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Winter Literature for Middle and High School Students

When the days grow shorter, the air cools, and snow falls, it’s time to share winter literature with your secondary students. The winter season can feel magical with breathtaking snowy landscapes and hot cocoa next to a crackling fire. Bring that winter magic to your classroom with winter themed literature.

Here are five winter poems and short stories to share with your middle and high school students.

"Blizzard" by Linda Pastan

Although Linda Pastan’s poem “Blizzard” is brief, the language she uses is impactful. Her vivid description of a blizzard makes this a great poem to read while teaching imagery and figurative language.

The image shows a few pages from a poetry analysis unit for "Stopping by Woods on a Snowy Evening." It shows a sketch of the scene based on imagery from the poem, and it also shows a page about the poem's form.

"Stopping by Woods on a Snowy Evening" by Robert Frost

Robert Frost’s poem “Stopping by Woods on a Snowy Evening” may seem short and simple at first glance, but there’s a lot for students to analyze as the narrator stops to take in a wintery landscape. The beautiful winter scene in this poem is perfect for teaching students about mood.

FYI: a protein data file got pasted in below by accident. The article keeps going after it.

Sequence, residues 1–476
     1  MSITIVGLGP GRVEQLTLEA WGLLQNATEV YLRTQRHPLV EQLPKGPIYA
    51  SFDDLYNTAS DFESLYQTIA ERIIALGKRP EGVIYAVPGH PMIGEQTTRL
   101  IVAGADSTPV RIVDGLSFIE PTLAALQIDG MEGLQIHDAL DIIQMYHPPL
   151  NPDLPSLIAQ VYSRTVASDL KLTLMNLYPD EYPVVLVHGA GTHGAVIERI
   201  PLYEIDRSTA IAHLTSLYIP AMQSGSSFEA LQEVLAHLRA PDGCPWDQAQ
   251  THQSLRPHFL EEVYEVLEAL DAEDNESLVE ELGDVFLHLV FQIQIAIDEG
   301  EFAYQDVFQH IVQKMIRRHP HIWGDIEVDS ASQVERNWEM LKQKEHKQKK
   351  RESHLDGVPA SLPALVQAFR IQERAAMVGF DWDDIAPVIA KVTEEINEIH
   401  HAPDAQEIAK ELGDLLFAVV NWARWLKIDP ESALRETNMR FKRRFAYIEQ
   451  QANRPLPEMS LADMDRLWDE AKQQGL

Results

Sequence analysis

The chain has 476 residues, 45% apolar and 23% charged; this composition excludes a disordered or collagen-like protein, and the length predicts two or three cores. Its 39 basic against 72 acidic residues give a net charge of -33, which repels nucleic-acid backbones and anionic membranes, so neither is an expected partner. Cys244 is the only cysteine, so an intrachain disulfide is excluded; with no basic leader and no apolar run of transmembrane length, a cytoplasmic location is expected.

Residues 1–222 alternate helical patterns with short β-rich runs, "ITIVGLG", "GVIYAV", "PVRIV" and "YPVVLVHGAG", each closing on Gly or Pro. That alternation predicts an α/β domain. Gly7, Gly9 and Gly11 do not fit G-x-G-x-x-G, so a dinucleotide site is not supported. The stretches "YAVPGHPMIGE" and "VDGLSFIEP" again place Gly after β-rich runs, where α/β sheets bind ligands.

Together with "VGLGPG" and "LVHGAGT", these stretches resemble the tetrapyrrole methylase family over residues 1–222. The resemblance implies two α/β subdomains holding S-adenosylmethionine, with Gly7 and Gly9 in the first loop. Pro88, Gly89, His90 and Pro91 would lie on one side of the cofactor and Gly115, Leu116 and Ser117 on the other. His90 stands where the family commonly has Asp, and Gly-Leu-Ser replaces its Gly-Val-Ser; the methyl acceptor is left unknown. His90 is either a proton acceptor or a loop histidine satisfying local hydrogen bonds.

"Fish Cheeks" by Amy Tan

“Fish Cheeks” by Amy Tan provides readers with insights into the relationships of a Chinese American family. The narrator recounts when her crush is invited to Christmas dinner and the embarrassment she feels as Chinese dishes are served.

The image shows pages from a short story unit for "The Gift of the Magi." It shows the full text with guided reading questions,  SIFT chart, writing prompts, character analysis chart, and quiz.

"The Gift of the Magi" by O. Henry

O. Henry’s short story “The Gift of the Magi” is a classic Christmas tale. A young couple with little money struggle to buy each other meaningful Christmas gifts. With an ironic twist, the couple realizes they are willing to sacrifice for one another. This story can be used to teach theme, situational irony, and allusions.

"To Build a Fire" by Jack London

Jack London’s short story “To Build a Fire” depicts a man’s struggle to survive in the Yukon’s winter climate. The man is hiking with only his dog and ignores warning signs of the cold. He does not become aware of the danger he has put himself in until it is too late. “To Build a Fire” can be used to teach symbols and theme.

Winter is the perfect time of year to curl up with a good read. I hope you and your students enjoy some winter literature.

Happy teaching!




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